No longer could I allow my resolve to be hard wired into the ups and downs of life. My resolve required a separate power source.

This realization that if I attached my consistency to the ups and downs of life, I might forever be stuck on a merry go round of yo-yo dieting, was profound.

Allowing myself to become the victim of life's circumstances time and time again, was super convenient. It didn't require me to get real or take responsibility for my extraordinary care because I was placing that responsibility on the randomness of life. I had to change my perspective or die young at over 500 pounds.

I decided to choose change before change chose me. Because one way or another, a change was coming...and quickly.

This realization gave birth to my parallel streams philosophy.

For me, Day 1 was the start of my parallel streams philosophy, I just didn't know what to call it back then.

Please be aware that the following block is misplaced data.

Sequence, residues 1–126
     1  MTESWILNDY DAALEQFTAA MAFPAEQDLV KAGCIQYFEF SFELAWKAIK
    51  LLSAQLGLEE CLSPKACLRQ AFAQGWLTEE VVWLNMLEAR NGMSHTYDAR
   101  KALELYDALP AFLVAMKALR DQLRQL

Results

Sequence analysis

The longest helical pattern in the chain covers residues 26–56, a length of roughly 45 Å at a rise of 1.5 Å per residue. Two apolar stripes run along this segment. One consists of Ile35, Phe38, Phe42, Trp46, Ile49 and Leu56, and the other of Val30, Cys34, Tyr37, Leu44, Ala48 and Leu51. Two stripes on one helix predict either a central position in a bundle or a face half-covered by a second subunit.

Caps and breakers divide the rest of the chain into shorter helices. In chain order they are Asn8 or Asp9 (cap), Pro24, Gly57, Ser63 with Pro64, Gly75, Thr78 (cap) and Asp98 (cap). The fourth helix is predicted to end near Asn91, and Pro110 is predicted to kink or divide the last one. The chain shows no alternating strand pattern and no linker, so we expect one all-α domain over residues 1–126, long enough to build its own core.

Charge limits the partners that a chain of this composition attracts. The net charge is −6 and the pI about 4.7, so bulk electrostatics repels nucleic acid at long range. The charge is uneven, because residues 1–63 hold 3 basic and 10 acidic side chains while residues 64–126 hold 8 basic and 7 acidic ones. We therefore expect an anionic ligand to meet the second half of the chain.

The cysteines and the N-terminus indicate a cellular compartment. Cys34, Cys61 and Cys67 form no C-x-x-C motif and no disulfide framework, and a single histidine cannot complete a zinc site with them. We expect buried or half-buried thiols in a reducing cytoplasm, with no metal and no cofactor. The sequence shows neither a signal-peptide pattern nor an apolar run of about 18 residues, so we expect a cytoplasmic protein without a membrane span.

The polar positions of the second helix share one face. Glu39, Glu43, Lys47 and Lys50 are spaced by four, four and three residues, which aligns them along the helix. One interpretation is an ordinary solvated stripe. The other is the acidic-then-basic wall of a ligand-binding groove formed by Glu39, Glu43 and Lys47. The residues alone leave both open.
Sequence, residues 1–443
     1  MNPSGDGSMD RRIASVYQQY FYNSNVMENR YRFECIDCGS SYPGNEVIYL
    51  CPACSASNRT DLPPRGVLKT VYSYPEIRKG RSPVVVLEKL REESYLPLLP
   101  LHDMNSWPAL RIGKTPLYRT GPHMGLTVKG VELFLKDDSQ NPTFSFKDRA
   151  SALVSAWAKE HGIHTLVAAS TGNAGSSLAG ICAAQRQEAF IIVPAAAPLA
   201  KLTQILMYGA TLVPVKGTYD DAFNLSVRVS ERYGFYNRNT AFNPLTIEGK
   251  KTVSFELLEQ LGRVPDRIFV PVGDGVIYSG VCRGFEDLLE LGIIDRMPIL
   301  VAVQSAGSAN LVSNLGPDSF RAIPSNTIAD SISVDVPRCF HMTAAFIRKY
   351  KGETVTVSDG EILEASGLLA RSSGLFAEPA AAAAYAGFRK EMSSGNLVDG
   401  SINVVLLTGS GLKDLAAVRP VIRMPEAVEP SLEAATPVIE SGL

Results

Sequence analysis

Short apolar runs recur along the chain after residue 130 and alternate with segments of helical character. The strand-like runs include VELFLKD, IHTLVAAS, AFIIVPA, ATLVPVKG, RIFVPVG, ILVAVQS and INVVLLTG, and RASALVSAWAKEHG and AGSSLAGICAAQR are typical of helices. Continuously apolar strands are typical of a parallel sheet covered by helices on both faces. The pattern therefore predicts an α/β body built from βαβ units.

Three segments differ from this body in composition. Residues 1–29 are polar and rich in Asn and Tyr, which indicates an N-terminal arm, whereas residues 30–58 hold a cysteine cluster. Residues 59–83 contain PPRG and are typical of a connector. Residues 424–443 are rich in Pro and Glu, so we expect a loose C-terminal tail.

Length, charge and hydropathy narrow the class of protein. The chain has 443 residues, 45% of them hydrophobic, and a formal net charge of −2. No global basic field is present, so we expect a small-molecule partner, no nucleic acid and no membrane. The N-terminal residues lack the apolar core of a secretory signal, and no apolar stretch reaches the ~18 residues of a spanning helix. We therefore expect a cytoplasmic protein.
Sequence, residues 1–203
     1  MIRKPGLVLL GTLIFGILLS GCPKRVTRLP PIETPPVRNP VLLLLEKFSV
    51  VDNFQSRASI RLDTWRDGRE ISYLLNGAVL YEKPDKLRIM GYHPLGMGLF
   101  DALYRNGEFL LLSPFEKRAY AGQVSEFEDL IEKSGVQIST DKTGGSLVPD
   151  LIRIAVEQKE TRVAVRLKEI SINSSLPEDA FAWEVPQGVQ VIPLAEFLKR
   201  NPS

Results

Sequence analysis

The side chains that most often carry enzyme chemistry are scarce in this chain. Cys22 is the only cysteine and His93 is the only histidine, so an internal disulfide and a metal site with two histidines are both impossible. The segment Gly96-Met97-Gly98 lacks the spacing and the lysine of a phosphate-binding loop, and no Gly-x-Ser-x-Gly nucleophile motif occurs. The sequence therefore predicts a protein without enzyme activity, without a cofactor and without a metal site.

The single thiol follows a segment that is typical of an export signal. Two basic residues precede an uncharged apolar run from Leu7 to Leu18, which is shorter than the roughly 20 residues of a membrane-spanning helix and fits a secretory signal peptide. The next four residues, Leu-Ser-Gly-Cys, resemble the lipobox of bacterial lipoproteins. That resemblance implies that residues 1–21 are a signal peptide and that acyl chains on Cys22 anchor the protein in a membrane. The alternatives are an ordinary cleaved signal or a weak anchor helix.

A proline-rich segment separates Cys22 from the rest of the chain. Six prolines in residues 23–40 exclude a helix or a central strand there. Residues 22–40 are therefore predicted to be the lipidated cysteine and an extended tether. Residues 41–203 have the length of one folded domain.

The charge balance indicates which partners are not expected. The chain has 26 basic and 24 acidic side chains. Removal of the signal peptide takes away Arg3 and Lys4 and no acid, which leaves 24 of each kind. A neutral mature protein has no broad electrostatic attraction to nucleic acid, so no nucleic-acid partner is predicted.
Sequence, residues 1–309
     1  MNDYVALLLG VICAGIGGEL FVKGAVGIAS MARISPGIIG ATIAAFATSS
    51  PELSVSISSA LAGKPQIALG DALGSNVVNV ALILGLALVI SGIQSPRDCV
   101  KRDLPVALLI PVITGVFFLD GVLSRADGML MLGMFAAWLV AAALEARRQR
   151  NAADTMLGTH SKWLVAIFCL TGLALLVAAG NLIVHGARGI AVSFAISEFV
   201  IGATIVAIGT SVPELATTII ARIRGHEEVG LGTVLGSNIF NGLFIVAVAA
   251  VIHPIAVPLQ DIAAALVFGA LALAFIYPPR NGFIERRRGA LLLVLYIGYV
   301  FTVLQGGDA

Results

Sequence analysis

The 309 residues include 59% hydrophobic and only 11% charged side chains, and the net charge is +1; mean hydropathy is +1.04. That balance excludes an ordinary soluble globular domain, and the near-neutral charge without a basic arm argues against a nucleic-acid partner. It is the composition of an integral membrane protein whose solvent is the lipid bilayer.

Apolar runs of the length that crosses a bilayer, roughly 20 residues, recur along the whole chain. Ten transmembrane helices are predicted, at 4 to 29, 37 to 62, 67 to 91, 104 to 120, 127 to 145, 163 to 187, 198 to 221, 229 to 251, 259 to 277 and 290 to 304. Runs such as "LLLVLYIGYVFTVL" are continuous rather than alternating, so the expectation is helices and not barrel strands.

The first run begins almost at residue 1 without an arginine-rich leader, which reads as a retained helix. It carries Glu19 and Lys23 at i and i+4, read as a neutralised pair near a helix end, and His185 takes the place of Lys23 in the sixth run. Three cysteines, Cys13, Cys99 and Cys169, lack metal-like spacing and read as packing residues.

The "Lifestream" is everything happening in our day to day lives. The Life Stream includes the ups and downs, the challenges, the victories, the disappointments, The hectic schedules, the family dynamics, the workplace dynamics, the bills, the stress, the joys, the blessings, the expected and the unexpected, the good, the bad...It's life.

The "Fundamental Elements Stream" are comprised of the elements of my personal plan. I say "my" because our plans might be very different. Mine is customized to fit my personality, likes, dislikes, strengths, weaknesses, and sensitivities.

My fundamental elements stream includes my personal/spiritual morning "me time," the most peaceful part of my entire day. My fundamental elements stream also includes maintaining the integrity of my calorie budget, remaining abstinent from refined sugar, logging everything in MyFitnessPal, getting regular workouts and staying connected with one on one and group support interactions and of course, writing and publishing this blog, every day.

I've also referred to my fundamental elements as my "rails of support." I've set my accountability and support measures on high. When someone makes a comment in the direction of, "you're so strong" or "you must have amazing will power," I typically thank them and smile, but I know, truly, I'm not that strong and I don't have giant amounts of will power. What I have are solid rails of accountability and support--and I'm holding onto those rails, each day. They guide me, step by step.